New Study on Choice Mobility Option in RAD Properties Published

HUD recently published a study titled “Evaluation of the Rental Assistance Demonstration (RAD): Early Findings on Choice Mobility Implementation.” In projects that have converted from public housing to either project-based rental assistance (PBRA) or project-based vouchers (PBVs), the housing agency is required to allow residents to request a housing choice voucher (HCV) (i.e., a tenant-based voucher where the subsidy follows the family) after the resident has lived in the RAD property for 1 year (for PBV-based properties) or 2 years (for PBRA-based properties). If requested, the resident will be provided a voucher when one becomes available.

The study found the following:

  • There were only limited instances where residents requested HCVs;
  • While most agencies adopted limits to the number of HCVs requested at once, none of the agencies ever reached those limits;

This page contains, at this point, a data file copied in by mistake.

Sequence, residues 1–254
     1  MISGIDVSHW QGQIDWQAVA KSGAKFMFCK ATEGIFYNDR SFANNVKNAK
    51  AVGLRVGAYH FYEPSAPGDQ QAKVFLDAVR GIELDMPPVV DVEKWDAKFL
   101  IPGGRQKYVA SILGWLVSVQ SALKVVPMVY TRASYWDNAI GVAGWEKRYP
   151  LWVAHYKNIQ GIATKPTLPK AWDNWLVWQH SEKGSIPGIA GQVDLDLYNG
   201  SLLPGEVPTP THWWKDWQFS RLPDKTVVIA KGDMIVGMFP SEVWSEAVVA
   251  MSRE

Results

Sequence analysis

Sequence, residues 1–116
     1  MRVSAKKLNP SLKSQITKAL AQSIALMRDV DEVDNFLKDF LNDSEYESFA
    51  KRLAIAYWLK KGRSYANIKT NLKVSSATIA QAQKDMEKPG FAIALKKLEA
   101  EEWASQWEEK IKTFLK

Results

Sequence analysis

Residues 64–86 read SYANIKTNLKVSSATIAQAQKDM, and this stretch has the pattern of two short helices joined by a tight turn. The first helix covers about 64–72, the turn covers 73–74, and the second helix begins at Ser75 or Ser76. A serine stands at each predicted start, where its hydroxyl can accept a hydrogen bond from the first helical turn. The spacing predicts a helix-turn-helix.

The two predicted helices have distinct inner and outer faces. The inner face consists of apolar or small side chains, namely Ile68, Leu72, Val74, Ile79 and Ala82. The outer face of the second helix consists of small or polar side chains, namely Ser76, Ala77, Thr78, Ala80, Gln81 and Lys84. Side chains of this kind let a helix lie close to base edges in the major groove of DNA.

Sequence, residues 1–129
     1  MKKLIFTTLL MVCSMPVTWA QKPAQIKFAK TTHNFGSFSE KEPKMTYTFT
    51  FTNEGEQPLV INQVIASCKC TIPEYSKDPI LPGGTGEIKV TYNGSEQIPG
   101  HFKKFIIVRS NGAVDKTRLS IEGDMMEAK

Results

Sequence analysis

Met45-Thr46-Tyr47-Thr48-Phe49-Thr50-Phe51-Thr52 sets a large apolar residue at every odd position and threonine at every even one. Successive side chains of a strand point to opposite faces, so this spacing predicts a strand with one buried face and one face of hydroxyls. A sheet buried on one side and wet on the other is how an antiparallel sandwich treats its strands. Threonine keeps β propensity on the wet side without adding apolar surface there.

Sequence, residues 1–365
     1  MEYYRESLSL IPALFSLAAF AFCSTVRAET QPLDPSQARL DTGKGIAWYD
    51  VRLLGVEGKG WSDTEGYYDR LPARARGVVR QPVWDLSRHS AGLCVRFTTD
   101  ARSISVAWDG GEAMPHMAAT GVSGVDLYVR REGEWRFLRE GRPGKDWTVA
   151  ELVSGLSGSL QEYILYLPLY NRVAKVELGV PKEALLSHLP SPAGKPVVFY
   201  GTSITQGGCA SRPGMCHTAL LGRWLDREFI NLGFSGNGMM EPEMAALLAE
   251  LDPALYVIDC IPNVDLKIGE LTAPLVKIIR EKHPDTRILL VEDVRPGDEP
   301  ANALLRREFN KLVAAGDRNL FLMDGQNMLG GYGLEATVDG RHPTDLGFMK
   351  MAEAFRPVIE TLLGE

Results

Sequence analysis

• Housing agency staff felt they effectively communicated the choice mobility option to their residents, while resident experiences varied between agencies;
  • Both housing agency staff and residents mentioned other barriers to exercising the choice mobility option:
    • Residents had trouble finding private-market housing;
    • Nearly all residents stated that paying security deposits, application fees, and first month’s rent presented barriers to using vouchers;
    • Housing agency staff noted high rents presented barriers, especially in tighter rental markets;
    • Resident credit was another barrier;
    • There were certain barriers caused by the pandemic; and
  • Housing agency staff did not believe that the choice mobility option affected unit turnover or impacted management costs.

One-half of the residents who moved noted dissatisfaction with their new neighborhood.

Residents moving from these RAD developments tended not to receive extensive mobility counseling, but the report notes that “[a]lthough PHAs receive administrative fees for PBVs and other HCVs . . . none of the staff at the PHAs interviewed reported using those fees to cover housing search assistance for residents exercising the choice mobility option. Staff at one PHA noted that the lack of direct funding for housing search support from HUD resulted in their search assistance efforts being limited and ad hoc . . . .”

The full study can be found here.

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